How Personal Sponsorship Could Progress Your Career

Written by Guest blogger Emma De Vita Friday 23 November 2018
Coaches ask questions. Sponsors talk about you. CMIs women event demonstrated vividly the impact of effective sponsorship
Vanessa Vallely

Vanessa Vallely recently received the OBE for services to women and the economy. But the founder of WeAreTheCity admits that early in her career “I missed opportunities by not being brave enough to articulate my career aspirations to potential sponsors.”

Vallely was the keynote speaker at “CMI Women – Sponsoring Women’s Progression”, an event designed to explain and explore the power of sponsorship in advancing careers, particularly for women, and people from black, Asian and minority ethnic (BAME) backgrounds. For ambitious individuals, sponsorship means creating your own network of individuals who will help you on your career path.

CMI chief executive Ann Francke explained that, “a sponsor advocates for you when you are not in the room”. And she argued that sponsorship is key to increasing diversity in business. “I know it works,” she said. Francke cited statistics from the US showing that while black women comprise 18% of the entry-level population of the workforce, they make up only three per cent of the C-suite.

What Good Sponsorship Looks Like

“A sponsor is someone with power who knows you and your potential, who advocates for you, removes obstacles to your progress and champions you,” said Vallely, a passionate believer in the power of sponsorship. “A sponsor is someone who has enough clout to make a difference in decisions others make about your progress, and protect you so that you can take risks and make occasional mistakes without setting your career back.”

What a sponsor isn’t is a coach or a mentor, she said. “Sponsorship can’t be bought – it has to be earned”, she explained. According to US academic Sylvia Ann Hewlett, author of Forget a Mentor, Find a Sponsor, sponsorship has been shown to provide a benefit of up to 30% for high-profile assignments, promotions, and pay raises, yet very few women have sponsors.

According to Fast Company: “Women with sponsors are 27% more likely than their unsponsored female peers to ask for a raise and 22% more likely to ask for the “stretch assignments” that build their reputations as leaders.”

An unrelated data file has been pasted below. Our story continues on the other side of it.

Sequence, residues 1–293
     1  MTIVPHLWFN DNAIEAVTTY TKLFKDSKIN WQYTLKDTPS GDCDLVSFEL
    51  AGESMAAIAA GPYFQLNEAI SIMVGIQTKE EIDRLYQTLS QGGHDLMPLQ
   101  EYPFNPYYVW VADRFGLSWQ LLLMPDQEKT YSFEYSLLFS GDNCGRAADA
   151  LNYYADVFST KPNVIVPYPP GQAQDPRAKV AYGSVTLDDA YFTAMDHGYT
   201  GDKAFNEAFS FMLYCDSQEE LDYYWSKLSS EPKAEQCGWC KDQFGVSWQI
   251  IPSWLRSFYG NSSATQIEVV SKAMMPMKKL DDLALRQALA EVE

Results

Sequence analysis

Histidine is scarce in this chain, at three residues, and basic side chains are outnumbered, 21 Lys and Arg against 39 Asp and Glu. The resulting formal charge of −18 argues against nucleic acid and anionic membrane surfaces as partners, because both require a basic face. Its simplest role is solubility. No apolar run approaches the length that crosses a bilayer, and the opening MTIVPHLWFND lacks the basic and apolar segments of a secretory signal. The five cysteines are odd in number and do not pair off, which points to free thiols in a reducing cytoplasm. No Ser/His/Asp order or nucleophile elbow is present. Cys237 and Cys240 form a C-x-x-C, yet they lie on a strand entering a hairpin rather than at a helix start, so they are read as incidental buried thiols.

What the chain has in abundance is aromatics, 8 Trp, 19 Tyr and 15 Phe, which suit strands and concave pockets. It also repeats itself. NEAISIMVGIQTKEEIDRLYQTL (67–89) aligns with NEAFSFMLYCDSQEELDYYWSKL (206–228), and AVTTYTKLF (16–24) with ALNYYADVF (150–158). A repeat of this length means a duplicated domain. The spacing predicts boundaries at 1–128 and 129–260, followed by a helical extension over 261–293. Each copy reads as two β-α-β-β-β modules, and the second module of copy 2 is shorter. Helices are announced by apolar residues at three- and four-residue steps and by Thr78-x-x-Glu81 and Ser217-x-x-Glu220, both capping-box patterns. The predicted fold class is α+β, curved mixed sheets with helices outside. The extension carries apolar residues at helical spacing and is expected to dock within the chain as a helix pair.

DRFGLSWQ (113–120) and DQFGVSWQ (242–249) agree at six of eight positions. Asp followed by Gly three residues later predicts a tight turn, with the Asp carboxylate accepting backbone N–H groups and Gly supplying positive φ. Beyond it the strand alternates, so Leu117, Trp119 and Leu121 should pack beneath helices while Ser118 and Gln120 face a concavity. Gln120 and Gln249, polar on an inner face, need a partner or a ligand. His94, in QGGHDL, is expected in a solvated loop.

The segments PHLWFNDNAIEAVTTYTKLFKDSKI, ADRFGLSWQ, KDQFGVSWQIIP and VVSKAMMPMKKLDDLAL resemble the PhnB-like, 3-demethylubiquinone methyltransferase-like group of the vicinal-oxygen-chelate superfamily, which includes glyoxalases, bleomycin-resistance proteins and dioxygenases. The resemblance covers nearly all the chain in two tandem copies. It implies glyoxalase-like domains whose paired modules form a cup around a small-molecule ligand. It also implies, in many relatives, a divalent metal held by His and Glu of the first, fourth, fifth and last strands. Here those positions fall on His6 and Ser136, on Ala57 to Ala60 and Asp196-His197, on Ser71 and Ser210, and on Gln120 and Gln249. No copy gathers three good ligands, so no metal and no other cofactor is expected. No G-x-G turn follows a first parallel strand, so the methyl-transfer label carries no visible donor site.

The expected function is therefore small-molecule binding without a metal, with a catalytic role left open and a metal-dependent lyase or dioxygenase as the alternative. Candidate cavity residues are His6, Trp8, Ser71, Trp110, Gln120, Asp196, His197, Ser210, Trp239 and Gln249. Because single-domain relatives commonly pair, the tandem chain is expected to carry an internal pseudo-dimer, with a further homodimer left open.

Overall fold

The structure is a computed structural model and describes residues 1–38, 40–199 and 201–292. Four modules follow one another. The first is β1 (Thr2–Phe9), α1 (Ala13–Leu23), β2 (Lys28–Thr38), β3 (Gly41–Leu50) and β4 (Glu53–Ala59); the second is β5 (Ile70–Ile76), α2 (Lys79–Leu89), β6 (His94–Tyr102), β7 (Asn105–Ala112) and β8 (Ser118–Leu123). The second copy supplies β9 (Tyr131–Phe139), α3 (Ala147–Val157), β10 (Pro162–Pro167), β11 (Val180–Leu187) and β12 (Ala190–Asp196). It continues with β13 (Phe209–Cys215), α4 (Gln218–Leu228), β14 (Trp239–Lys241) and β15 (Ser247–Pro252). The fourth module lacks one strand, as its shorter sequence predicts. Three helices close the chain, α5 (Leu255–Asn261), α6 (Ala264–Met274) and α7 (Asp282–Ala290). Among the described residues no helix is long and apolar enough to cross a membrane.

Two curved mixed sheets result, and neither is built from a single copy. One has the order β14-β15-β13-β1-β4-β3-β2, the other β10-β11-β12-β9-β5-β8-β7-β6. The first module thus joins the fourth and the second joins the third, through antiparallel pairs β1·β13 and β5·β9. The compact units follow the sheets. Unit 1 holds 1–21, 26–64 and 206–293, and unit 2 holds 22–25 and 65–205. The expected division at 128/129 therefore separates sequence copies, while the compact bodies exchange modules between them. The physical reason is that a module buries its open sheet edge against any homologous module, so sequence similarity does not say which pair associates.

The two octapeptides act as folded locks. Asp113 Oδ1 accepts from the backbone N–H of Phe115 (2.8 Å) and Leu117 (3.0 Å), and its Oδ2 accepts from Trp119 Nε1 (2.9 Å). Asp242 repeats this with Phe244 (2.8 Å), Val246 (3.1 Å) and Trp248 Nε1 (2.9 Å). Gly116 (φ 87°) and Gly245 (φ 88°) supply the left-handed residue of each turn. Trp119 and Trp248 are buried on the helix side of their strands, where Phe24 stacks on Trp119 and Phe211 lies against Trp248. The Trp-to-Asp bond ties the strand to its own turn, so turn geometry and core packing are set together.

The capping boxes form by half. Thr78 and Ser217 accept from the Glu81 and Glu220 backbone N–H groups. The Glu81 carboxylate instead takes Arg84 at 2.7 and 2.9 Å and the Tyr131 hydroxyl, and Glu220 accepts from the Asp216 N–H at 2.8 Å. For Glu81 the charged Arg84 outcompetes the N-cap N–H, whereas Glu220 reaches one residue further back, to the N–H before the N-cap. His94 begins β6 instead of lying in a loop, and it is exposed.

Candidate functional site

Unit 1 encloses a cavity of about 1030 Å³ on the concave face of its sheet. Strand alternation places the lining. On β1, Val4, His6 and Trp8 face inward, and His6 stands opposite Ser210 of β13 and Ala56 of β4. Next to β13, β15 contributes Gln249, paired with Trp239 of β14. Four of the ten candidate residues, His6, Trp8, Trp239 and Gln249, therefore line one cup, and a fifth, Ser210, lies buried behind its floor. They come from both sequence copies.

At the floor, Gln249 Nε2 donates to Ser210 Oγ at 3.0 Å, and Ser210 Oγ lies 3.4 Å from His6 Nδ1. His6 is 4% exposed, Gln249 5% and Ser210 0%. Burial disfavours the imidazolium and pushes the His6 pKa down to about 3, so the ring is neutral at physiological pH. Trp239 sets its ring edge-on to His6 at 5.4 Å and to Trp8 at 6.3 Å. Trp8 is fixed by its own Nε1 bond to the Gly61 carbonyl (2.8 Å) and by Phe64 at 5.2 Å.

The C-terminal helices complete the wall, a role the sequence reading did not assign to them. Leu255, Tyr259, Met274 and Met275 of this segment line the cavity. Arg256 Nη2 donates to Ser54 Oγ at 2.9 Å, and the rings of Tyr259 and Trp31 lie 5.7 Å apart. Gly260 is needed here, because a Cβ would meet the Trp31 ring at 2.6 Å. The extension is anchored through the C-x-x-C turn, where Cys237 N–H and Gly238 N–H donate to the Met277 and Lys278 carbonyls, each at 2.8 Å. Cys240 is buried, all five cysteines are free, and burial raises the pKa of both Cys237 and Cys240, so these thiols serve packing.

The case is compelling.

What Makes a Great Sponsor (and a Bad One)?

And yet, there are too many bad sponsors out there. According to Vallely, “a good sponsor doesn’t pay it lip service or do it for the wrong reasons”. You don’t want a sponsor who “is a little bit full of it, and who delivers nothing.”

The question then becomes: how to find a sponsor? You can often convert a mentors to become a sponsor, said Vallely. “They know you, you feel comfortable with them,” she said. Attending internal networking events might also provide fertile hunting-ground for potential sponsors. Once you’ve identified someone, ask yourself where you want to be in five years’ time, and whether that person will be a sponsor who is able to help you get there.

What Does Effective Sponsorship Look Like?

Heather Melville, chair of CMI Women, and her sponsor Andy Woodfield, a partner at PwC, took part in the event to explain how their relationship works. While they now work together – Woodfield was instrumental in Melville’s recent move to PwC -– the pair originally met through judging awards together.

Interestingly, Melville was presented with her dream opportunity at PwC at a time when she wasn’t actually looking for it. “A real good sponsor won’t write your CV for you but will give you the audience who you deserve to have,” said Melville.

On the flipside, as a potential sponsored individual, you need to “put yourself out there so people know you exist, that you are hungry for change, and that you work hard,” Melville said. Most importantly, ask yourself what’s your driving force. (And make sure you have an up-to-date LinkedIn profile.) “Sometimes you don’t even know when someone has sponsored you until afterwards”, she said.

CMI president Bruce Carnegie-Brown joined the discussion, suggesting that our bosses need to be our sponsors as much as anyone else. As Melville added: “sponsorship is a leadership responsibility”.

A member of the audience asked how you know whether you’re ready for being sponsored. Sometimes you can lack confidence. Vallely suggested that you might consider sponsorship “when you can do your job with your eyes shut and when things feel easy”. Carnegie-Brown wondered whether men ever ask themselves such questions. “It’s a big issue for women if they don’t experience that confidence. Men blag their way. You need to put yourself in the way of opportunity.”

Woodfield took a slightly different view: “The reason we need gender-balanced teams is because women do ask those questions and men don’t”, he observed.

Another audience member asked what to do about their current organisation where as, a black woman, she was not being supported in starting any BAME initiative. This drew a straight response from Woodfield: “Please leave the organisation. Use your feet – we all have a choice.” Carnegie-Brown agreed. “You make your point to them and they will be the losers”, he said.

Drawing to a close, the discussion moved on to making sure that a sponsor lives up to expectations. Here, Heather Melville advised honesty; and making sure that, as the sponsored individual, you do the homework that your sponsor sets you. Vallely advised holding your sponsor to account by setting out clear and measurable goals and having a firm relationship structure in place.

It was an evening of invaluable, practical and inspirational advice.

Watch the Livestream of 'CMI Women – Sponsoring Women’s Progression'

Listen to a Recording of the Event